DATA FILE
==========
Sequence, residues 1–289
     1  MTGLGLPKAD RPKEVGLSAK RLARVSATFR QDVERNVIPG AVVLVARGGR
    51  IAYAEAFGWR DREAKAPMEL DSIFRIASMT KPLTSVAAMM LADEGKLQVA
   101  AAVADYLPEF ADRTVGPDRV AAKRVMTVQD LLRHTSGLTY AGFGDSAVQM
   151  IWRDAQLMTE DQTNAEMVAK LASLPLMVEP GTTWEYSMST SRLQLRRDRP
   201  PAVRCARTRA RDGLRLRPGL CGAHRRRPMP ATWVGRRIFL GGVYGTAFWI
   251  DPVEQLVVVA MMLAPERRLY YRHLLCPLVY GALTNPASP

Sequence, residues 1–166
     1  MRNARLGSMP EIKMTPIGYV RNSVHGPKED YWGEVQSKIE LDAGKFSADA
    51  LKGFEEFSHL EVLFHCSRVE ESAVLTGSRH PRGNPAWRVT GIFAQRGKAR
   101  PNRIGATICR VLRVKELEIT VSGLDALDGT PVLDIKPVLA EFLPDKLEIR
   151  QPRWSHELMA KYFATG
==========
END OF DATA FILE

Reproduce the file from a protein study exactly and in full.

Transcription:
Sequence, residues 1–289
     1  MTGLGLPKAD RPKEVGLSAK RLARVSATFR QDVERNVIPG AVVLVARGGR
    51  IAYAEAFGWR DREAKAPMEL DSIFRIASMT KPLTSVAAMM LADEGKLQVA
   101  AAVADYLPEF ADRTVGPDRV AAKRVMTVQD LLRHTSGLTY AGFGDSAVQM
   151  IWRDAQLMTE DQTNAEMVAK LASLPLMVEP GTTWEYSMST SRLQLRRDRP
   201  PAVRCARTRA RDGLRLRPGL CGAHRRRPMP ATWVGRRIFL GGVYGTAFWI
   251  DPVEQLVVVA MMLAPERRLY YRHLLCPLVY GALTNPASP

Sequence, residues 1–166
     1  MRNARLGSMP EIKMTPIGYV RNSVHGPKED YWGEVQSKIE LDAGKFSADA
    51  LKGFEEFSHL EVLFHCSRVE ESAVLTGSRH PRGNPAWRVT GIFAQRGKAR
   101  PNRIGATICR VLRVKELEIT VSGLDALDGT PVLDIKPVLA EFLPDKLEIR
   151  QPRWSHELMA KYFATG